Whether it is spearheading a meeting for a local women’s group, organizing an annual women’s conference, passing along business advice in a networking situation, or setting an example for her two young daughters, Kara Gray loves helping women entrepreneurs succeed.
For that reason, and for her contributions toward supporting entrepreneurship, business ownership and professional development for women in West Virginia, Gray has been named the 2010 Women in Business Champion of the Year by the U.S. Small Business Administration’s West Virginia District Office.
Gray is the owner of New Horizon Consulting, a freelance copywriting and public relations consulting practice she operates out of her home in Dallas, W.Va. She describes her chosen profession as a career field she “accidently” discovered while a student at Bethany College.
“I actually went to college with the intention of becoming a television news reporter,” Gray said. “I had no idea public relations existed as a field, but sometime during my freshman year, I talked to a classmate who was studying public relations and I thought, ‘That sounds more like me!’ and immediately changed fields.”
Upon graduation, Gray went to work as the communications administrator for Ormet Corp., then the fourth largest aluminum producer in the United States with 3,500 employees at seven locations. She took this corporate experience to the National Technology Transfer Center at Wheeling Jesuit University, where she promoted the NASA Commercial Technology program and MountainMade, an e-commerce startup selling West Virginia art and crafts. When MountainMade became a separate company, she went to work there full- time, but was let go after just two years due to budget constraints.
“When I left MountainMade, I sent an e-mail to everyone I’d worked with to let them know who they should contact at the company in my absence, and that I would keep in touch,” Gray said. “I immediately received about four responses back from people offering me freelance projects to work on while I looked for work.”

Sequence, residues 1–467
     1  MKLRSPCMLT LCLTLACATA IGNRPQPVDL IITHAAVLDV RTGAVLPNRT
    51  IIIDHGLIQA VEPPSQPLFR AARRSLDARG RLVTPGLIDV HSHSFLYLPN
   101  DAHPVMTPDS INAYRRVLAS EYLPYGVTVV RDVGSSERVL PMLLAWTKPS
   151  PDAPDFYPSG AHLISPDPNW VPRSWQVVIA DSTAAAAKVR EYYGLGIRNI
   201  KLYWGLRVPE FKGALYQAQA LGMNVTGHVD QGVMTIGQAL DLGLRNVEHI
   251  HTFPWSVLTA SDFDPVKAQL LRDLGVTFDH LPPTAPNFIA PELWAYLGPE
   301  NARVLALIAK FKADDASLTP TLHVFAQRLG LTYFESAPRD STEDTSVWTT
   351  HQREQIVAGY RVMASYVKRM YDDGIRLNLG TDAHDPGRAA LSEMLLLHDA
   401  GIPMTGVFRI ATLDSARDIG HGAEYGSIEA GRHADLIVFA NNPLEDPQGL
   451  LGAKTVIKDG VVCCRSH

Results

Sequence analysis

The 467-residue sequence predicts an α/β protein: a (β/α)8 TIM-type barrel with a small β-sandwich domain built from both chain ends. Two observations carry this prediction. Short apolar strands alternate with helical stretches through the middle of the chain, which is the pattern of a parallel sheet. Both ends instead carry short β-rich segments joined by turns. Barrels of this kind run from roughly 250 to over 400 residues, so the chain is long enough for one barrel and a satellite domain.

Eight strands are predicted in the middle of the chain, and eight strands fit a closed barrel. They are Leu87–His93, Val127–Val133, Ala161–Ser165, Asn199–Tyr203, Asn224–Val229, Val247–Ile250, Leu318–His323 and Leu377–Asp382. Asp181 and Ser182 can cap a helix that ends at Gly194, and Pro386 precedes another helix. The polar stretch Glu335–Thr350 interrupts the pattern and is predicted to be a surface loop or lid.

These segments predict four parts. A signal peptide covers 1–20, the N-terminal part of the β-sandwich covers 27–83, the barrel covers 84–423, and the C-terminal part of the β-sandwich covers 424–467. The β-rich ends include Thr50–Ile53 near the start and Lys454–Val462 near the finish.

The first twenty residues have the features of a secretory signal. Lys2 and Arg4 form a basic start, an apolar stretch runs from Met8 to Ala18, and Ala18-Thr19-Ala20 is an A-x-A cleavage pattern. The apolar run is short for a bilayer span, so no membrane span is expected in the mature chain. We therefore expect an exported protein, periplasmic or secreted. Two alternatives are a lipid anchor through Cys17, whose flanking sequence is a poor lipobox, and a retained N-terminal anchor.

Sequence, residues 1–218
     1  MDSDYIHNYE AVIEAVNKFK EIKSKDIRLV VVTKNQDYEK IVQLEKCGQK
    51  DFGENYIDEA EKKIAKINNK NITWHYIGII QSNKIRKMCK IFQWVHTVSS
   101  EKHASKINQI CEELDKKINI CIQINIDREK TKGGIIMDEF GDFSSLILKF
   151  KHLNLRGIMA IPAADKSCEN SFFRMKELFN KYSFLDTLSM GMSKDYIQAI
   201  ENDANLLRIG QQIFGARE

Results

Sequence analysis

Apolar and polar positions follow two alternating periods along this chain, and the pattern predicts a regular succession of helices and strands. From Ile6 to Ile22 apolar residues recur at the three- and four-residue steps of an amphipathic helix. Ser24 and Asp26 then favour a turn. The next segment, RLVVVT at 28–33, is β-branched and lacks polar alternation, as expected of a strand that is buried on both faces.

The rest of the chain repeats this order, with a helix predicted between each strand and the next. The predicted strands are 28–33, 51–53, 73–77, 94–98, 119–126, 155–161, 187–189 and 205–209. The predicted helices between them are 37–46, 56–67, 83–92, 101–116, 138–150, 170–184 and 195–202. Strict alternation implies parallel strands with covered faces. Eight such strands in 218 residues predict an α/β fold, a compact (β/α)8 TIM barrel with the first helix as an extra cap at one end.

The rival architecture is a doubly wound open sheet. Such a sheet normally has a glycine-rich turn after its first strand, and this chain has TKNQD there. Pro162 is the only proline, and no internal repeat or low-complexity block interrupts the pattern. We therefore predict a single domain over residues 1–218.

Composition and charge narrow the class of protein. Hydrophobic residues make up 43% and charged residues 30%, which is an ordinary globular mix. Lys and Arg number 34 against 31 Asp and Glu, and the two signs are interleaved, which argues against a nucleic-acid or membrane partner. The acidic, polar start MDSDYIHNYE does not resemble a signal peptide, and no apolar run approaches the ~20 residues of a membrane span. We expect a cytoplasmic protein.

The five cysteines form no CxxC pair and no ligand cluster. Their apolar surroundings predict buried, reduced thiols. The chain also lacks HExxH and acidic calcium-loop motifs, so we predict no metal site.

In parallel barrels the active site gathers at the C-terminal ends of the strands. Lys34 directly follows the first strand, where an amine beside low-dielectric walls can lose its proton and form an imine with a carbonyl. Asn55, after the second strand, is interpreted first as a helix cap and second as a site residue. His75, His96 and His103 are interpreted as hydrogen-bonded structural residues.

She’d always thought about starting her own business, but the idea of leaving behind a steady paycheck and benefits to do so was tough to overcome. Gray stayed quite busy with projects from friends and acquaintances for about six months, which got her thinking, “Maybe I can do this for a living.”
She joined the Editorial Freelancers Association and began responding to job postings. This led to her first “real” client — someone she didn’t know for a change.
Not sure how to start a small business the proper way, Gray contacted her local Small Business Development Center (SBDC) and scheduled an appointment with Donna Schramm, the center manager in the Wheeling office. Once she had all the particulars in place and was an official ‘small business owner,’ she soon began working with the SBDC to organize an Orchestrating Your Life women’s conference, which is now an annual event in Wheeling.
She serves on the organizing committee for the conference and continues to facilitate the monthly Ohio Valley Women’s Group meetings that were born out of the conference. She is a charter member of the Marshall County Women’s Leadership Council, which serves to enhance women’s leadership opportunities.
“Being a woman entrepreneur, it is very rewarding to help others overcome obstacles,” she said. “If I can save someone the time and frustration of learning the same lessons I’ve learned ‘the hard way’ then I’m happy to do it. It’s such an honor to receive this award and be recognized for something I absolutely love to do.”
New Horizon Consulting was founded in 2003 and has clients throughout the United States and around the world. Working mostly in the high-tech and information technology sectors, Gray helps her clients develop and deploy marketing and public relations strategies to help grow awareness of their brands and products. She specializes in crafting effective press releases and ghost writing by-lined articles, blog posts and other promotional content for brochures, websites and newsletters for businesses of all sizes.
“Of all the work I’ve done so far, I’m most proud of the example I’ve tried to set for my daughters,” Gray said. “I hope what I’m doing shows them a woman can do whatever she sets her mind to professionally and still enjoy her role as a wife, mother and daughter. And, thanks to modern technology, geography is no limitation to the career opportunities available today.”